The Courier News from Blytheville, Arkansas on September 15, 1955 · Page 1
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The Courier News from Blytheville, Arkansas · Page 1

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Thursday, September 15, 1955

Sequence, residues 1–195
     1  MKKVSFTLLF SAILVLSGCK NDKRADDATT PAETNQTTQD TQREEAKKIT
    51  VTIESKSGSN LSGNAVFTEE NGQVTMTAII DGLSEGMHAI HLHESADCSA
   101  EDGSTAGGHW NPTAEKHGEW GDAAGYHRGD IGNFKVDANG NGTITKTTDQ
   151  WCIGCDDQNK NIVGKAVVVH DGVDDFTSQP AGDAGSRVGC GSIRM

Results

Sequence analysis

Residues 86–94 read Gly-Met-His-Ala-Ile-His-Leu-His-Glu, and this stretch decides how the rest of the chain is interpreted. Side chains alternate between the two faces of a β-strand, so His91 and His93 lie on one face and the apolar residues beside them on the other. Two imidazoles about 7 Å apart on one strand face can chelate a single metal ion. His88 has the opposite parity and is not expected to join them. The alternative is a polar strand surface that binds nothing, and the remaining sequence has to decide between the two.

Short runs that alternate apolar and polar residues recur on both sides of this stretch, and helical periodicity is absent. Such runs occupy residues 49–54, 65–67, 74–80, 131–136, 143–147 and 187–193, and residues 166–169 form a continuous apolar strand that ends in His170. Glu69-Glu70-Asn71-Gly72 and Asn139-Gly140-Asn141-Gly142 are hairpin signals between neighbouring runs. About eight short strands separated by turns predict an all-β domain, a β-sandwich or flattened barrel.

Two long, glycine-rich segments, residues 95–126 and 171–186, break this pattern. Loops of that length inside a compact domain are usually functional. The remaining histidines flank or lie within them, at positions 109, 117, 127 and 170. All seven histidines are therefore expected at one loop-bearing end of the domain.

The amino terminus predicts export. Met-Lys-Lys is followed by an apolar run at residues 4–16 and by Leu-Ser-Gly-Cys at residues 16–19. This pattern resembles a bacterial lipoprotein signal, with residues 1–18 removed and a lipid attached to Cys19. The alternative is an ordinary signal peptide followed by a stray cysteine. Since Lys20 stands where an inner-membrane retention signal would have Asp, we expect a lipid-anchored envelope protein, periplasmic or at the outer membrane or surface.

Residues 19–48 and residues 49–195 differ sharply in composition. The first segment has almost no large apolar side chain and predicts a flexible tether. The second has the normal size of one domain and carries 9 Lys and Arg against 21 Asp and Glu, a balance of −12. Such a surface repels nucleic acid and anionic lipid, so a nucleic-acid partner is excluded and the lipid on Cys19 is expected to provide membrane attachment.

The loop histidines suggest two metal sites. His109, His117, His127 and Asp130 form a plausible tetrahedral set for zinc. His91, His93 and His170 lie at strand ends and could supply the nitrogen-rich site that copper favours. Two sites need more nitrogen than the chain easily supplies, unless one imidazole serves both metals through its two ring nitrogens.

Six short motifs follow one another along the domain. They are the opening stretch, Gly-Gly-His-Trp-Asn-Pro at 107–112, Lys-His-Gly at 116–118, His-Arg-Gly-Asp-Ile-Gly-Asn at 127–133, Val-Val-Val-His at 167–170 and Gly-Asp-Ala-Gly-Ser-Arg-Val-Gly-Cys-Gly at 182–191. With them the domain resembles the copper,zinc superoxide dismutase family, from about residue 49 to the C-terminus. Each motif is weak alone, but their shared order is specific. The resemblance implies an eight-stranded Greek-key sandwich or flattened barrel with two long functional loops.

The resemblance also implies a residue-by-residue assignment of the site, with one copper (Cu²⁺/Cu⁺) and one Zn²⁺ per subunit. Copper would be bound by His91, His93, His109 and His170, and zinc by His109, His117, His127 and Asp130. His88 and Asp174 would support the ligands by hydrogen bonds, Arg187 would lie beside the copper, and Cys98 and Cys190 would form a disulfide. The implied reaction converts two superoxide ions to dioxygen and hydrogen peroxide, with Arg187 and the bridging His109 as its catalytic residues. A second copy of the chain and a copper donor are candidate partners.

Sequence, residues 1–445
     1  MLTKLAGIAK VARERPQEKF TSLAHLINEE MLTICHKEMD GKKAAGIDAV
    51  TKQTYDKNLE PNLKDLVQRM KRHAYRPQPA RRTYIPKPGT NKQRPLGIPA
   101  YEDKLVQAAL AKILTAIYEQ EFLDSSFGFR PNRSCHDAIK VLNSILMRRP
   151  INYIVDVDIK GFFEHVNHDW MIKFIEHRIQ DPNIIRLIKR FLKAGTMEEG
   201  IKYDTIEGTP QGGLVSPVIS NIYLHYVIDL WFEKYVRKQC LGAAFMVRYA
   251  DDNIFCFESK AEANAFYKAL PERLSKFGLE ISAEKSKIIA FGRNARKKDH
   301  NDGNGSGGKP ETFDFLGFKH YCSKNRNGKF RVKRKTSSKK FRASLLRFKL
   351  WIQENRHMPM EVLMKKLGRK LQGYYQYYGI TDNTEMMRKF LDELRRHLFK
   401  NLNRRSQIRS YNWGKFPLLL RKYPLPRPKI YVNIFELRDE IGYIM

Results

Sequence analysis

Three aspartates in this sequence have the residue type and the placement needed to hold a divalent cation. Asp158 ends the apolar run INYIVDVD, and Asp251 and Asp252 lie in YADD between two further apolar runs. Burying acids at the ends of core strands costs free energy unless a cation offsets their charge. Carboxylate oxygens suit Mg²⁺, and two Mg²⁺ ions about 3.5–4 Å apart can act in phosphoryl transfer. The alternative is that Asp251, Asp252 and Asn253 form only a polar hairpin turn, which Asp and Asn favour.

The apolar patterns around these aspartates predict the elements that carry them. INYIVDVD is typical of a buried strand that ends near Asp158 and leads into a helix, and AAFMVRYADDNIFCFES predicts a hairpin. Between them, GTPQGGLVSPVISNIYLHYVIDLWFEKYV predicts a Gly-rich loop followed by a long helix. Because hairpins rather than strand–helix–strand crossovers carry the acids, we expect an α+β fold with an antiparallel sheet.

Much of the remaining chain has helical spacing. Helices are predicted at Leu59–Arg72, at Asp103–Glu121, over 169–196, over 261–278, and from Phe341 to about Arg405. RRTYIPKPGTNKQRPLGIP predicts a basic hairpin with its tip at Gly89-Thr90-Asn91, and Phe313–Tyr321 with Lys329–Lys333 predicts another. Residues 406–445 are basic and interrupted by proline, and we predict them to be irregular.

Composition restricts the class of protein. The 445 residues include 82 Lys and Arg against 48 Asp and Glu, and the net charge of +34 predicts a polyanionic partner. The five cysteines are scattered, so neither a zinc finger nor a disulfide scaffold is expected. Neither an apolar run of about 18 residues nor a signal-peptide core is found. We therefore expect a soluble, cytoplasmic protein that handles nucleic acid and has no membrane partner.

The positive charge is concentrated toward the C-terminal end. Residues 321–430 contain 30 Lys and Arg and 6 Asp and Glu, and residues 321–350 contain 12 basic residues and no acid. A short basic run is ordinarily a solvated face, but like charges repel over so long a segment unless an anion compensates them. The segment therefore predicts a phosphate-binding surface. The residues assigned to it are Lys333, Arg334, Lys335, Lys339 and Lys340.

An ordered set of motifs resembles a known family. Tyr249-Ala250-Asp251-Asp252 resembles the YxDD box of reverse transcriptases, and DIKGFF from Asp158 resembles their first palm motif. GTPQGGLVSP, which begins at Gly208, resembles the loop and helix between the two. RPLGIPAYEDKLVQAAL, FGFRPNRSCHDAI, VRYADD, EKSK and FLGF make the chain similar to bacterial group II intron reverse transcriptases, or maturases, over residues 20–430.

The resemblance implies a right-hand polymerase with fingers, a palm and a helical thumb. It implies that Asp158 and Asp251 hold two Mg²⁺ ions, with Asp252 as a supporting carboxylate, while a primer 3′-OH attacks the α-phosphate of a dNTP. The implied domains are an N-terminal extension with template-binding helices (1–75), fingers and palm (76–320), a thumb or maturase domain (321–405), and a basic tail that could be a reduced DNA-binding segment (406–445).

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BLYTHEVILLE COURIER NEWS ! DOMNAHT NEWSPAPER OP NORTHEAST ARKANSAS AND SOUTHEAST MM8OUM VOL. LI—NO. 149 Blytheville Courier Blytheville Daily N«wi Blythevflle Herald Mississippi Valley Leader BLYTHEVILLE, ARKANSAS, THURSDAY, SEPTEMBER' 15, 1955 TWENTY TWO PAGES Published Daily Except Sunday SINGLE COPY FIVE CENTS Hall Raps Douglas in Defense Of Ike's Agriculture Program By JACK BELL WASHINGTON (AP) — Republican National Chairman Leonard W. Hall said today Democrats have "dabbled in panaceas and depressive legislation" in dealing with the farm Droblem Republicans, he added, never have and .will not now. ' .„ P His statement, saying Sen. Douglas (D-I11) "is still dealing in bunk," was m reply to Douglas' comment yesterday that "the people have no confidence in a party that tries to rewrite history and ignore the real world." ^ Committees Named For Appearances Of E. Stanley Jones Here Committees which will handle arrangements for the local appearance of Dr. E. Stanley Jones were announced today by James Terry and the Rev. Harold Eggensperger, cochairmen of Dr. Jones' speaking engagements here. The internationally-known evan-+ gelist who each year devotes some of his time to his crusade for a federated group of churches will speak in Blytheville's High School auditorium on Spt. 26. Womn'i chairmen for the event j are Mrs. Freeman Robinson andj Mrs. J. P. Oarrott. Chairmaning the usher committee | are the Rev. Mitchell Sanford. pastor of Lake Street Methodist Church, and L. E. Old. Acting as treasurer are J. P. Garrott and Jimmie Sanders. The Rev. James Rainwater, pastor of First Christian Church. Thu- i Boo'theel. "farm' shop""work~~ and rrnan Rowlett and H. A. Haines are i farm nome economics will be a handling publicity. major feature of the American Le- The Rev Harvey Kldd, pastor of i gion Fnlr to be held here Oct. 5-9. First Presbyterian Church, Dr. J. C.j according to Harry Malloure, sec- Big Fair Seen At Caruthersville Agri Displays, Grandstand Show To Be Larger CARUTHERSVrLLE — A large show emphasizing agricultural Guard. Dale Briggs and Dale Dunlap are commHteemen in charge oS arrangements for the business men's luncheon, which Dr. Jones will address at, noon on Sept. 26. Dr. Jones does not argue for the loss of Identity of any church but rather expounds the theory that nil Christians need to be unified under » single banner in their fight against evil. He believes that such a federation of churchs .would usher in the greatest advance tn Christianity since the Reformation. Case Against Mexican Is Continued Trie two have been Rrguing 1 for a week over whether President Eisenhower, as a candidate in 1952, did or did not promise to continue farm price supports at 90 per cent of parity. Both quoted from Eisenhower's campaign speeches. Hall said Douglas "is pulling one of his typical political tricks. He only recites part of what the President said "To Work Day and Night" Hal said the administration going to work night and day get our farm economy out of the depressed state in which we found it. and I think the farmers of America know that is a fact." Secretary of Agriculture Benson said on his return *rom Europe yesterday the Eisenhower administration" will have some "very specific" recommendations to Congress in January to combat what he called "the farm price squeeze.' 1 Although he declined to go into details, he said one of the propos^ als under consideration would call for the government to rend some land and take it out of cultivation or to pay farmers for doing the same thing. Sen. Jenner {R-Indl commented that such a system may furnish pert of the answer he said Republicans must find to regain control of Congress. May Not Vote Jenner said* he didn't know whether the farmers and small business men would vote Democratic, but added. "I am afraid a lot of them who normally support Republican candidates just won't vote unless something done." Benson said the administration will offer "something in addition' to the present flexible prices support program, which he said he wants retained. He indicated new proposals would be aimed at supplementing farmers' incomes while The state's case against Amado Garcia Mantnez, transient cotton laborer from CaruihcrsvLlle, charged with involuntary man- i slaughter in connection with the; death of two Blytheville youngsters i In a rear-end collision near the j Missouri state line on US Hieh-J way 61 Tuesday nipht. was contin-1 ued to Saturday by Judge Graham j Sudbury this morning. \ Two men. Dionicio Trevino and Juan Travtno, who were passengers in the Martinez' vehicle at the time of the accident, were ( charged with leaving the scene of J an accident and public drunken-] ness. Their cases also were continued j to*,Saturday. Meanwhile. Mrs. Donna Jean Sipes and Mrs. Mandie K.-Sipes, mother and grandmother, respectively, of the accident victims, were released yesterday afternoon from Chickasawba Hospital where they were taken after the fatal wreck. The younger Mrs. Sipes was under treatment for severe shock and the elder Mrs. Sipes was being trented for burns about the feet and legs. retary. The show will occupy five large booths in Exhibition Hall, and will be presented by Future Farmers of America chapters of Hayti and Caruthersville, and the Future Homemakers of America chapter of Caruthersville. A total of S375 in premiums will be paid for exhibits in the show, Malloure said. Floyd Barnhart, director of the Caruthersville FFA chapter, said he would have two booths, exhibiting agricultural products grown In the Bootheel. Marvin Parker, director of the Hayti FFA chapter, will have a booth on farm workshop practices, emphasizing "do-it-yourself* repair methods and the use of electricity on the farm. Mrs. Dorothy Wood, director of the Caruthersville FHA chapter will have two booths on home eco- i nomics. one on ..... i tion of food for storage, including] jail on a charge of driving while ' use of freezer chests, and the t under the influence of intoxicating other on sewing, emphasizing the j liquor in Municipal Court this use of colton fabrics. The theme j morning. will.be "You Grow It—We Sew It." ' ~ Exhibition Hall. Malloure said, also, will contain a number of other exhibits, including new com- Bonn Cabinet Airs Soviet Agreement But No Formal Action Is Taken on Approval of Pact N'EARLY READY FOR NEW TRUCK — Blytheville's new Fire C0 med in Bonn, some politicians Station No 1 is nearing completion and is just about ready to shelter voiced doubt about- the wisdom of the city's new fire truck, due to be.delivered shortly. The station, Changing ambassadors with Mos- imply BONN, Germany (AP)—The West German Cabinet heard a report on the Moscow talks by Chancellor Konrad Adenauer today but took no formal action. An official announcement said the ministers wanted to study detailed reports from the foreign office on the negotiations between Adenauer and the Russian leaders. This indicated the;' needed more " " ....-.time to make up their minds' whether to approve the agreement to set up normal diplomatic relations between West Germany and the Soviet Union. Adenauer stipulated the Moscow agreement should be subjected to approval by the Bonn Parliament. Adenauer discussed the Moscow talks this afternoon with leaders of the political parties, including the Socialists. Doubt Wisdom While Soviet Premier Bulganin's verbal promise to return German By RICHARD KASISCHKE MOSCOW (AP) — Moving swiftly to follow up its negoti- prisoners has naturally been wel- which also houses part of the sleeping quarters for firemen on the second floor, is attached to the old fire station in City Hall. (Courier News Photo) 2 Strikes Settled: Labor Picture Gets Brighter By THE ASSOCIATED PRESS The nation's labor picture appeared much brighter to- settlement reported in two of the week's biggest efforts are made to adjust produc-j ^ involving some 143,000 workers. (Inn fn ni-PSPnt rtp.V IlPPrt*. 1 — **»•«* o j tion to present day needs. The secretary said he thought j thir might be accomplished through the soil conservation payments program. The costly eight-day strike by New York longshoremen, which spread to some other ports along the East and Gulf coasts this week, ended yesterday. The independent International Longshoremen's Assn. approved the proposal of setting up a citizens' fact-finding committee to hear its qrievances against the New York-New Jersey Waterfront Commission. , The strike by the 30,000 New the home prepara- { cosis. and sentenced to 24 hours in I York dock workers was against the "commission, an official policing agency which the union had j charged with harsh and discrimi-j natory practices. The commission' denied the charge. Order N'ot Heeded A. general strike of 70,000 other dock workers was ordered Mon- Two DWI Coses Head Docket A. H. Pickley was fined $100 and Brown Foster forfeited $5 bond on a charge of running a traffic light. In state cases. Leroy Walker forfeited bond of $19.75 on a speeding On a second charge, Handley was fined $75 on a charge of assault and battery against his estranged niercial products. Cf ,*!!? ,i Jed bond of S19.75 on a charee of Other sections of the fair were; a w side f thg being readied for opening day. En-j . * tries in the American Legion Racing Meet, with purses totaling nearly $3,000. were coming in from points all over the middle west. Malloure said. The races will run four days, five each day, with the feature event being the American Legion Derby, the last race on Sunday afternoon, Oct. 9. Norman Shain, director of the ' 'Miss American Legion Fair'' queen contest, said that the queen will be announced on Thursday. Sept. 22. The contest was closed with 28 entrants from 10 towns. James T. Ahern, president of the fair association, said that the professional free grandstnnd show was costing $1.000 more than last year. It will be produced by Jimmie Downey theatrical agency, St. See FAIR on Page 1 mediate settlement of the 23-day- old strike of 40,000 CIO United See LABOR on Page 7 cow. They argued this would acceptance of a division of Germany into rival states. This feeling was heightened by the sudden Soviet announcement that East Germany's Communist Premier Otto Grotewohl, would arrive in Moscow tomorrow for talks with the Kremlin leaders. Flans are Pushed This was seen as a Russian move to reassure the East German Communists they are not being abandoned and to refute Adenauer's claim that only his freely elected government is competent to speak lor ail Germany. While Adenauer received a hero's welcome home, many questioned whether his mission to Moscow had brought German unity any nearer. West German officials, meanwhile, pushed plans to receive the thousands of war prisoners Adenauer said the Kremlin had promised to release. He said he expected the release to start almost immediately. Ex-Blyrheville Trooper Gets His Man FORREST CITY, Ark. (.fl—State Police Sgt. Clarence Montgomery (formerly of Blytheville) played a hunch and stopped a man driving along a highway near here yesterday. The man, identified by Montgomery as E. F. Moore of Jackson, Miss., grabbed the sergeant's .38 revolver and fled on foot, but Montgomery got a riot gun from his patrol car and recaptured him. Moore, 28, was ajlled at Clarendon on a charge of robbing a hitch- hiker of $153 at knifepoint a few hours before he encountered Montgomery. The policeman said that after he stopped Moore, the man grabbed his gun. While Moore was debating what to do. Montgomery heard a police radio broadcast about the robbery of W. B. Roe of Miami, Fla. Moore then fled, giving Montgomery a chance to get the riot gun. Montgomery said Roe's $153 was recovered. irlLtrU UU11U Ul ^10. Ill Ull a OJJC^L.H.f, ' . . , charge and Wanda Whittle forfeit-1 day but the order was not heeded • in a number of cities. The peace platform developed major cracks, however, when State Frank C. Handley was fined $150 j Sen. Mark Anton, a NET; Jersey and sentenced to 24 hours in jail I Republican, joined Assemblyman on a charge of driving while under Maurice Brady, a New Jersey Dem- the influence of intoxicating liquor, ocrat, in refusing to sit on the fact- finding committee. Gov. Averell Harriman of New York has repeatedly brushed aside wife. Mary V. Handley. The court! ILA attempts to gain an official suspended S40 of the fine during good behavior. Judge Sudbury told the Hand- leys to carry through their pending divorce suit in Missouri and to abide by the settlement. Lincoln Showing Set for Friday The 1956 Lincoln goes on display at Bud Wilson Motors here tomor- rdw and will feature a safety-flex steering wheel, triple-strength safety door locks, optional safety belts, vinyl covering for instrument panels to reduce reflection and vinyl coating for rear view mirrors to reduce shattering. All fit into the manufacturers plan to incorporate as many safety features as possible into the new car. Finest grades .of leather are being used in the 29 interior color combinations, a new-air conditioning system and all new engine, body and chassis are other features of the forum in that state. However, reports up and down the Atlantic coast showed that strikers were returning to work. The 43.000 members of the CIO International Union of Electrical Workers who struck against the Westinghouse Electric Corp. Monday were ordered to return to work today. However, some 10,000 workers at the Pittsburgh local which started the walkout Aug. 8 appeared not ready to return to work. While picketing continued by- Local 601 at the East Pittsburgh plant, James B. Carey, union president, said he vas confident that some 33,000 members in 26 other Westinghouse plants in eight states would return to their jobs. He planned to open wage tr.lks today with company officials. Part of Talks The Strike by 2.000 workers at the East Pittsburgh plant started i: protest, against the company's time study of their jobs. Carey said the settlement provides that the time study question be a part of the bargaining talks opening today. There was no indication of im- City One of First to Get Planning Fund OK Requests for federal funds by the University of Arkansas to aid in city planning for Blytheville and three other Arkansas cities have been approved by the Federal Housing and Home Finance Agency, it was learned today. A grant of $6,185' to the Unlver- »ity, the first state university In the nation to get such a grant for ur- tan planning under the new housing law, was announced by the •gency yesterday. About (3,000 of the money requested by th* University ww sought to help Blytheville get its city planning program underway. Must Match Funds Blytheville was to match the Fed- eraf funds. The request was originally scheduled to be $2,500 with the city providing another »2,500. This wns later Increased to about $3,000 by University officials. However, It is not yet known here how much of the new grant Is slated for Blytheville. The total request for the four cities may have been trimmed In Washington. Other Arkansas cities Included In the grant were Camden, Newport and Texarkann. The four cities will provide «n additional $«,1»S to Blytheville's part is not yet known. "We're thrilled to hear about the grant," said Jno. C. McHaney, chairman of the City Planning Commission upon being told about "We No Word hnven't heard from Mr. Bonner, but expect to hear some thing soon." William 8. Bonner, of the City Planning Division of the Unlver- llty's Institute of Science and Technology, was Instrumental in helping set up the Blytheville Commission. The joint undertaking between match UM federal fuodi though I aiytheville and the Unlvertity wu approved early last year by City Council. Purpose of the project and reason for requesting the grant is to permit the University planning group to provide aid find direction for the planning commission's activities. The agreement calls for the University to furnish a man trained In city planning to counsel and assist the commission in Its operation and mnke recommendations for future development of the city. Major task of the commission Is In recommending street plans, developing an overall plan for land UN uid working out Httiug plans. US Not Taking Red Promises on Faith By JOHN M. HIGHTOWER WASHINGTON (AP) — The United States and its chief Western allies are refusing to take Communist promises on faith. They are employing hard-boiled tactics in current negotiations for better relations with Russia and Red China. ^on told Red China's Ambassador Wang Ping-nan at Geneva yesterday that "it would be premature" United States-Chinese Communist I to take up other issues between negotiations at Geneva, German-) the United States and Red China The pattern of Western dealings became apparent today in their manner of handling the Russian diplomatic recognition, and Red China's bid for a seat in until last Saturday's agreement for release of civilians is csrried out. 2. German Chancellor Konrad made his agreement Bul- the United Nations. In effect it appears that the Adenauer Western Powers are determined | with Soviet Prem.erN.Ma, to make concessions or agreements! g<>n ln '" °P«™S Get ™™rf, desired by Moscow and Peiping j d.plomatic^relat.ons^ubje^ only as those capitals actually pro-1 P rtn ,_?_'_ D duce real concessions sought by various Western governments. Demonstrate Attitude The following developments demonstrate this Western attitude which is in line with President Eisenhower's public insistence that the friendly spirit shown in East- West relatons at last July's summit, conference must be proved by concrete actions. 1. Ambassador U. Alexis John- Fund is Started For Family Of Sipes Children A fund has been started to help the Edward Sipes family which lost two children in an automobile accident near the state line Tuesday night. Some s50 has been raised thus far, Harold Doyle reported today. He said he and others are trying to raise enough to help Sipes meet burial expenses and other expenses at this time. The family had additional medical expenses when another child, Robert, suffered a concussion this spring. Contributions may be sent to Harold Doyle, Box 183, City. Services for Jerry Nolan, 4, and Roy Edward Sipes, 7, will be conducted in First Church of the Nazarene at 2 p.m. tomorrow by the Revs. Louis Emmert and James Voren. They leave their parents, Mr. and Mrs. Edward Sipes; one brother, Robert Donald Sipes; one sister, Sharon Sipes. Pallbearers will include William Roy McAdums, Adelbert McAdams, John McAdams, Kenneth Me- Adams, Calvin Slpcs, Merle Walters, Damon Lane and Cl»y Sipes. Burlnl will be In Elmwood Ccm- ttery. ap- i German Cabinet and Parliament. Promised Release Bulganin promised Adenauer as part of the deal that German citizens held in the Soviet Union since World War II would be freed. If the Russians do not take steps to release the Germans with reasonable promptness, Adenauer is ir position to stall indefinitely on ac tually establishing the formal diplomatic contacts. 3. Richard G. Casey, Australia's minister for external affairs, said here yesterday that he would not be surprised if Bed China's desire for a seat in the United Nations should be shelved again this year in the U.N. General Assem blv. Similar indications came from U.N. headquarters in New York The Western governments realize they possess an effective bargaining weapon in the membership problem and they do not wish to give it up without getting some pract'cal benefits in return. Weather SOUTHEAST ARKANSAS— Clear to partly cloudy and continued warm this afternoon, tonight and Friday. High this afternoon mid 90s, low tonight low to mid 60s. MISSOURI— Mostly fair south, partly cloudy north this afternoon, Friday; windy north afternoon; continued tonight and portion this warm; low tonight 65-70 southeast to 70-75 northwest; high Friday mid 90s. Minimum yesterday— 01. Minimum this morning— M. Gunrlse tomorrow — 9:43. sunset today — 6:07. Mean temperature— 77.3. Precipitation 24 -hours (7 ft.m. to 7 a.m.) — none. Precipitation Jan. f to date— 31.31 Thll D»te I»lt YtW . Maximum yesterday— M. Minimum this morning— flO. precipitation January 1 to date — U.M. Soviet, E. German Leaders to Open Talks Tomorrow ations with West Germany, the Soviet Union has announced it will open talks tomorrow with leaders of Communist East auer's departure. The Prisoner Issue Soviet-West German talki Germany. The Soviet news ager.cy Tass said East German Premier Otto Grotewohl would arrive in Moscow for conferences on "questions of interest to all sides." The announcement came only a few hours after West German Chancellor Konrad Adenauer ended his Moscow conference and left for Bonn. The announcement was expected but Western observers were . surprised it came so soon after Aden- Bulganin III Tass Reports Soviet Premier Unable to Receive Finnish Delegation MOSCOW UP) — Tass announced today Premier Nikolai Bulganin is ill. In addition to the almost unprecedented Tass announcement, Soviet President Klementi Voro- shilov told a Finnish delegation headed by President. Juho K. Paas- ikivi and Prime Minister Urho Kekkonen the 60-year-old Soviet Premier was too ill to receive them. This probably means Bulganin will be unable to head the Soviet delegation which is scheduled to begin negotiations with East German Prime Minister Otto Grotewohl tomorrow. Ailment N'ot Revealed The Tass announcement did not say what was wrong with Bul- ganin and the Finns said they had no information other than that j Special programs have been ar- Bulganin was too ill to go to the \ ranged for most schools in the city airport and too ill to receive Kek- j who will devote portions of the konen, who had been scheduled to!^-eek to the study of the Constitu- pay a courtesy call at the Kremlin, j tion. Bulganin has just completed a previously, Gov. Orval Faubus and re'sulted in an agreement to establish diplomatic relations. Adenauer also said he obtained a verbal promise from Soviet Premier Nikolai Bulganin that the Soviet Union would release German prisoners held in Russia since World War n. It was believed the Russian-East German talks will include the prisoner issue and reunification of Germany. Tass reported that Grotewohl would reach Moscow tomorrow. Berlin sources said he has been staying at a country villa near the Soviet capital all during the five days Adenauer spent here. Move to Pressure Adenauer The Grotewohl parley was seen by some Western objervers as a maneuver to pressure Adenauer into negotiating with the East German regime, which he has repeatedly refused to recognize. The Grotewohl meeting also was regarded as a 'move to reassure the East German Communists that the Soviet Union was not selling them out by negotiating with Adenauer. Adenauer was criticized in the Soviet for what was termed his attempt to speak for all the German people on the subject of reunification. Constitution Week Observed Mayor E. R. Jackson has set astda the Week of Sept. 17-23 as Constitution Week in Blytheville, Daughters of the American Revolution officials announced today. tough week of hard bargaining with West German Chancellor Kon- President Dwight Eisenhower had taken notes of the DAR-sponsored rad Adenauer. Thp Soviet leader effort to bring the national spot- saw Adenauer off at the airport]light to bear on the cornerstone of yesterday. ' of the Democracy. COTTON BALL VOCAMST — Pert Owen Park «• »» Hie T> enlist when Don Reid brings his orchestra to the annual Cotton Ball ot the National Cotton Picking Contest Sept. 30. H'g M* erent which winds up the two-day contest each year and li pfiilded owr by U» 1955 Queen of the NCPC. Tickets go on sale at tUUty'* •»• «or» Monday and will cost J4.50 per couple.